RESIDENTIAL EVICTIONS IN TEXAS

Author: admin
Posted: 19 July 2012

I. Overview

An eviction in Texas, referred to as “forcible entry and detainer,” is a judicial process by which an owner recovers possession of real property and, if appropriate, a judgment for unpaid rent, attorney’s fees (if any), and court costs against a tenant or occupant. Evictions are governed by Section 24.01 of the Texas Property Code. They are appropriate if there exists a landlord-tenant relationship (with or without a written lease) or if a person is occupying real property without authority to do so.

Evictions are conducted in Justice Courts that are located in various precincts around Texas counties. J.P. Courts have exclusive, original jurisdiction over possession of real property and the authority to decide cases involving damages up to $10,000.

A landlord’s objective is usually to gain a writ of possession and a judgment. However, because collecting judgments against residential tenants can be quite difficult in Texas (because of the extensive list of property exempt from execution under the “homestead laws”), the residential landlord may occasionally choose to be content with a judgment for possession only. Further, because the process can be lengthy (upwards of 2 months in certain circumstances), a landlord and tenant may choose to negotiate a resolution while during the eviction proceedings.

II. Basic Law and Procedure

Evictions are governed by TEX. PROP. CODE § 24.01. An eviction can be sought when: 1) a there exists a landlord-tenant relationship (with or without a written lease) and the tenant’s lease expires; 2) a tenant breaches the lease and fails to cure the breach; or, 3) a person is occupying real property without authority to do so.

III. Notice To Vacate Prior to Filing Eviction Suit

Default or Holdover

Under TEX. PROP. CODE § 24.005, if the occupant is a tenant under a written lease or oral rental agreement, the landlord must give a tenant who defaults or holds over beyond the end of the rental term or renewal period at least 3 days’ written notice to vacate the premises before the landlord files an eviction, unless the parties have contracted for a shorter or longer notice period in a written lease or agreement. Notice under certain other tenancies must comply with TEX. PROP. CODE § 91.001.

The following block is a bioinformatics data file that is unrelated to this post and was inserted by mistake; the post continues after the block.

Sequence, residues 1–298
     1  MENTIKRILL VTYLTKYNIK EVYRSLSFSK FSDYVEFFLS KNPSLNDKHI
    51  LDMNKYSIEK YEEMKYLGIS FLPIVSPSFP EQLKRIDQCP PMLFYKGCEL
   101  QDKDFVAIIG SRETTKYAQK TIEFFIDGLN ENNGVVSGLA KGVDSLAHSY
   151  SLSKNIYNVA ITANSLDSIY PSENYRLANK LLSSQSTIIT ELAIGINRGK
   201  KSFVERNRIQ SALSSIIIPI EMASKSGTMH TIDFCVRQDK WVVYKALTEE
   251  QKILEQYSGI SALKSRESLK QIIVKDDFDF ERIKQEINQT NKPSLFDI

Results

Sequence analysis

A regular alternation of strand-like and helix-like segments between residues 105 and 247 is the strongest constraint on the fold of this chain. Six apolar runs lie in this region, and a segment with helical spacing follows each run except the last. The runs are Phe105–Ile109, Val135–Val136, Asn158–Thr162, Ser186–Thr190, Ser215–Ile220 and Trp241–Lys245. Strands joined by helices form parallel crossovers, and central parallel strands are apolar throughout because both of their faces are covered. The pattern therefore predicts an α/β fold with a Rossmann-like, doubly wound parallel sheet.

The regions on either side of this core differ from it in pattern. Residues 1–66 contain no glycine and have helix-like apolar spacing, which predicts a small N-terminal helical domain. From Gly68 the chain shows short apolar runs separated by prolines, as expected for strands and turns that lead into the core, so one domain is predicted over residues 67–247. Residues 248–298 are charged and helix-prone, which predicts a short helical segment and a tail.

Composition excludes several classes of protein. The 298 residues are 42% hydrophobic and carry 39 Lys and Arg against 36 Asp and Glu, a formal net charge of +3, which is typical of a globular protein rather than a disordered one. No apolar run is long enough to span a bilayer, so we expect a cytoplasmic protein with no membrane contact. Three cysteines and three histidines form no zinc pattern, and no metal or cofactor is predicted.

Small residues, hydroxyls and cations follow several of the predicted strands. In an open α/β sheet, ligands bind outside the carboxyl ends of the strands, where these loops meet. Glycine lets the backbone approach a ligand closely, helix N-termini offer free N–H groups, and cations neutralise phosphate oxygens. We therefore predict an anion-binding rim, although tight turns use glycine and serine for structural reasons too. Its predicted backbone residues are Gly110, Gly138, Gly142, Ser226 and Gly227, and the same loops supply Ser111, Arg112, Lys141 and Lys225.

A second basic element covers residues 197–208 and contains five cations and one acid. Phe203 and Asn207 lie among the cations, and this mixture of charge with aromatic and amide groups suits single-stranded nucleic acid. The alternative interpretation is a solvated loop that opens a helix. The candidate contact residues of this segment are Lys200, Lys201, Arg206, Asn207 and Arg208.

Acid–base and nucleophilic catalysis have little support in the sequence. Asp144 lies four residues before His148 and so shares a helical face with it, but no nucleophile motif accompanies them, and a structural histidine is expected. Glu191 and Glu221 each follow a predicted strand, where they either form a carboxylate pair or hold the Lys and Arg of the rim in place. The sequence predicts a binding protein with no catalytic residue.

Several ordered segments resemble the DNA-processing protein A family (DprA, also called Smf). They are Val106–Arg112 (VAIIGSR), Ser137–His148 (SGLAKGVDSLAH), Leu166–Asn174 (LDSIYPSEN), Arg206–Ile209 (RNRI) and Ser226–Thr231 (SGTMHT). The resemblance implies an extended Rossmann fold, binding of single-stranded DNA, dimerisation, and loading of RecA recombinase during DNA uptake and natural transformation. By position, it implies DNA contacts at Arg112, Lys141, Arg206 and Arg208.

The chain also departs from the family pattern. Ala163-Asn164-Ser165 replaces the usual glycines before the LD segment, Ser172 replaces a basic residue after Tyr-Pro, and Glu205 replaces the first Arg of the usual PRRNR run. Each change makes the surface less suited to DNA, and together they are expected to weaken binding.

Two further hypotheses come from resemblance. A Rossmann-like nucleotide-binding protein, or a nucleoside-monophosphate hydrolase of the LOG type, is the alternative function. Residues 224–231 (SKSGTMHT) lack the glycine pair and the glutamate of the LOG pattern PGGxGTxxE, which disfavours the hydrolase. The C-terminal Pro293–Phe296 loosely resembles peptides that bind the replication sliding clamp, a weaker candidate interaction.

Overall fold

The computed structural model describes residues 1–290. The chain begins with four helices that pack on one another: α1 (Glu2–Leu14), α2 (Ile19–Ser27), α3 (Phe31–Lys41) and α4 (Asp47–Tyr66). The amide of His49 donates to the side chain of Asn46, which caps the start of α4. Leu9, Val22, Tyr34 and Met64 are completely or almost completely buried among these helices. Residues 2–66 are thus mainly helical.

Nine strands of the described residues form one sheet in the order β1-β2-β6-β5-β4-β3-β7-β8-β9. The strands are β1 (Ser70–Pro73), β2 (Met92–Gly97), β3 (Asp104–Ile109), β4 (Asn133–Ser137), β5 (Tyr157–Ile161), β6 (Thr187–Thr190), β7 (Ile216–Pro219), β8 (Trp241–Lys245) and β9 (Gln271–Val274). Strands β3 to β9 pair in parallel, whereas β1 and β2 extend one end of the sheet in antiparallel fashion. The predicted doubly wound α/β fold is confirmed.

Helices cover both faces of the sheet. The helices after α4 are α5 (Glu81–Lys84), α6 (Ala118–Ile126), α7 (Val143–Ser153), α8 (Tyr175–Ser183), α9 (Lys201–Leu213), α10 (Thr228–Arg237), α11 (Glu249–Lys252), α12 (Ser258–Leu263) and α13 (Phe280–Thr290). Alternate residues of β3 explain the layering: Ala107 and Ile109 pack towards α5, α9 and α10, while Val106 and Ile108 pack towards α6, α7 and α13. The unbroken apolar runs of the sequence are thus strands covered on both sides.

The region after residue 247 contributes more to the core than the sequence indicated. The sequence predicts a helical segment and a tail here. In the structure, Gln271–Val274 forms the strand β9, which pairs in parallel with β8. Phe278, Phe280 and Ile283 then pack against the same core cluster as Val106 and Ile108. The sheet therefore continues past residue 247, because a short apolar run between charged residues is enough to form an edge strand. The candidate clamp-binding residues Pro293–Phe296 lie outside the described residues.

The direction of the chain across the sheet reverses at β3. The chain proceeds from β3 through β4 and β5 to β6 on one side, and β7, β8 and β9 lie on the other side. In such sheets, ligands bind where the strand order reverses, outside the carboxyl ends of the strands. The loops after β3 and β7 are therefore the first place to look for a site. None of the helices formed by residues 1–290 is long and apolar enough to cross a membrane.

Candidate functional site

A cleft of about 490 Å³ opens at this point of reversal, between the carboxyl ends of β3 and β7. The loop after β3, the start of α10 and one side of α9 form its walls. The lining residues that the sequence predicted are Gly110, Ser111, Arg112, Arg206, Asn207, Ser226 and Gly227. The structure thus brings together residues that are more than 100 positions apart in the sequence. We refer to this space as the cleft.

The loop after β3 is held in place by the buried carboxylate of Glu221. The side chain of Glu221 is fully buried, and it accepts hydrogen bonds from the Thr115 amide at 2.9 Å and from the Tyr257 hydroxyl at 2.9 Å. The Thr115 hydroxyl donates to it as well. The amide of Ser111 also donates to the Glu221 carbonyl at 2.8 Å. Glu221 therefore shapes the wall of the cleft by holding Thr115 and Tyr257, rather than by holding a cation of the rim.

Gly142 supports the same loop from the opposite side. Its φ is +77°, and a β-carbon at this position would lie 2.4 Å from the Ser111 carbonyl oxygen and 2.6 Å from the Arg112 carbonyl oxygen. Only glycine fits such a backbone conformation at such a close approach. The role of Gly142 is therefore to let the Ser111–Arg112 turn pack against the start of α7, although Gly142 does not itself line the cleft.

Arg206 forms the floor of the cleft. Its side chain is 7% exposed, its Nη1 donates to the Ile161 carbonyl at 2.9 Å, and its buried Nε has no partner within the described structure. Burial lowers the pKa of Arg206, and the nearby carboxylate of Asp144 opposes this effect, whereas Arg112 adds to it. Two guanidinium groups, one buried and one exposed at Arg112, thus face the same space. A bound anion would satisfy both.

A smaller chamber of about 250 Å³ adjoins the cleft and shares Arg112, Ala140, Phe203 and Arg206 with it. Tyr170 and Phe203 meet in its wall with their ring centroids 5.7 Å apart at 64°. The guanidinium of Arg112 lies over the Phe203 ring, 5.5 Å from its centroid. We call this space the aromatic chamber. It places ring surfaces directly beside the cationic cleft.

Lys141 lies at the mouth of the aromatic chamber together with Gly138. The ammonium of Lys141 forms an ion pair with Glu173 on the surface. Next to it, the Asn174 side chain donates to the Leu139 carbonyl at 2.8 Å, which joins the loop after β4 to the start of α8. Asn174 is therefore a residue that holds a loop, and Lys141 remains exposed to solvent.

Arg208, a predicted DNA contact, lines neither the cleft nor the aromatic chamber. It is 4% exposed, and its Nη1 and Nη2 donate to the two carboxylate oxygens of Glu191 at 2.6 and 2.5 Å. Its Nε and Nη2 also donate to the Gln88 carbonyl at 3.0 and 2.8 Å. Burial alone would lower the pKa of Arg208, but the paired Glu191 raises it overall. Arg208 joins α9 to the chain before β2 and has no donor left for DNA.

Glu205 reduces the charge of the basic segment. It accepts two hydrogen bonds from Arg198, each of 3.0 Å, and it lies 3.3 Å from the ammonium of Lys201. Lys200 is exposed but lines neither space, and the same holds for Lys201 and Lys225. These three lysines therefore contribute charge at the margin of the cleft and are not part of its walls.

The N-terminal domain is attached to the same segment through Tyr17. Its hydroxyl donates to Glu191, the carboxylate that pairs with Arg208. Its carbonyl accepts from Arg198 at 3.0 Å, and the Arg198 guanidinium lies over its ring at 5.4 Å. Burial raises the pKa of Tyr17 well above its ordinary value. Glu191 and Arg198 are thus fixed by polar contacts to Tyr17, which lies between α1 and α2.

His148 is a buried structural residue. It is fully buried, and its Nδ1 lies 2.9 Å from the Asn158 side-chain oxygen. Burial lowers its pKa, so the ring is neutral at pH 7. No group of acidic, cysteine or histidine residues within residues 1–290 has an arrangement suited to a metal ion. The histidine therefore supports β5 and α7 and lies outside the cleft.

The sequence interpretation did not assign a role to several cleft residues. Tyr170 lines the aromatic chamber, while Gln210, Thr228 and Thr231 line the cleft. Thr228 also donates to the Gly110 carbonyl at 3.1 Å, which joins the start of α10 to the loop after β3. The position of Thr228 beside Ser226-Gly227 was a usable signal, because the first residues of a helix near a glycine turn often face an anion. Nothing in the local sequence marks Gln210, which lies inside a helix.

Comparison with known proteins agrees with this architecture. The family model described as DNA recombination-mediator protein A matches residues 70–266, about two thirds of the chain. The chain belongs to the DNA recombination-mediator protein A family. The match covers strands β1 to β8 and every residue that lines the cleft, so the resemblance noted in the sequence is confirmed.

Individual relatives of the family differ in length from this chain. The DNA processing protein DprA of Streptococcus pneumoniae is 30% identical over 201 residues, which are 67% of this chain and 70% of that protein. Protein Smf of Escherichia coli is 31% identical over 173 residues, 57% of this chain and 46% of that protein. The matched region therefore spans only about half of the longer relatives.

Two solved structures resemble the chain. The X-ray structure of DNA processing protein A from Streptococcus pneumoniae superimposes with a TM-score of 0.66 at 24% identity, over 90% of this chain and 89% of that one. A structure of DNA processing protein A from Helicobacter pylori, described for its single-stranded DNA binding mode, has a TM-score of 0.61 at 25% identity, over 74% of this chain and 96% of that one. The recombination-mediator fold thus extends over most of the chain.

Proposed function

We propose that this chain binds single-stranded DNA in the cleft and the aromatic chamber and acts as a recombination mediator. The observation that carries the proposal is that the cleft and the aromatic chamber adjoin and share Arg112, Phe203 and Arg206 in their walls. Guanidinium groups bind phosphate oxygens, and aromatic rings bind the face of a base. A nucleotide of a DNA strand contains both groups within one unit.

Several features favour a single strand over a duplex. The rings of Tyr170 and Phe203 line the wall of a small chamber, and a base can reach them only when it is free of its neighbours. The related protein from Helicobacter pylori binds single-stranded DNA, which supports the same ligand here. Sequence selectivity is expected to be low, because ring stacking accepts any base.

Tenant at Sufferance

If the occupant is a tenant at will or by sufferance, the landlord must give the tenant at least 3 days’ written notice to vacate before the landlord files a forcible detainer suit unless the parties have contracted for a shorter or longer notice period in a written lease or agreement.

Tax Foreclosure

If a building is purchased at a tax foreclosure sale or a trustee’s foreclosure sale under a lien superior to the tenant’s lease, and the tenant timely pays rent and is not otherwise in default under the tenant’s lease after foreclosure, the purchaser must give a residential tenant of the building at least 30 days’ written notice to vacate if the purchaser chooses not to continue the lease. The tenant is considered to timely pay the rent if, during the month of the foreclosure sale, the tenant pays the rent for that month to the landlord before receiving any notice that a foreclosure sale is scheduled during the month or pays the rent for that month to the foreclosing lienholder or the purchaser at foreclosure not later than the 5th day after the date of receipt of a written notice of the name and address of the purchaser that requests payment. Before a foreclosure sale, a foreclosing lienholder may give written notice to a tenant stating that a foreclosure notice has been given to the landlord or owner of the property and specifying the date of the foreclosure.

Post-Foreclosure Eviction

The remedy of foreclosure is available to lenders if the borrower defaults. Specified notice and other requirements must be followed if for the foreclosure to be valid (See TEX. PROP. CODE § 51.002 et seq.). Foreclosures are held in Texas on the first Tuesday of each month. The successful bidder (which may be the lender) gets a trustee’s deed that serves to cut off all junior liens including purchase money liens. This action gives the new owner title; the next step is to obtain possession of the property. The occupant will be a “tenant at will or by sufferance.” TEX. PROP. CODE § 24.005(b) has been amended to provide that new owners who purchased foreclosed property must give a residential tenant in good standing at least 90 days notice to vacate so long as the tenant continues to pay rent to the new owner. The intent here is to bring state law more into line with the federal law Protecting Tenants at Foreclosure Act of 2009 (“the Act”).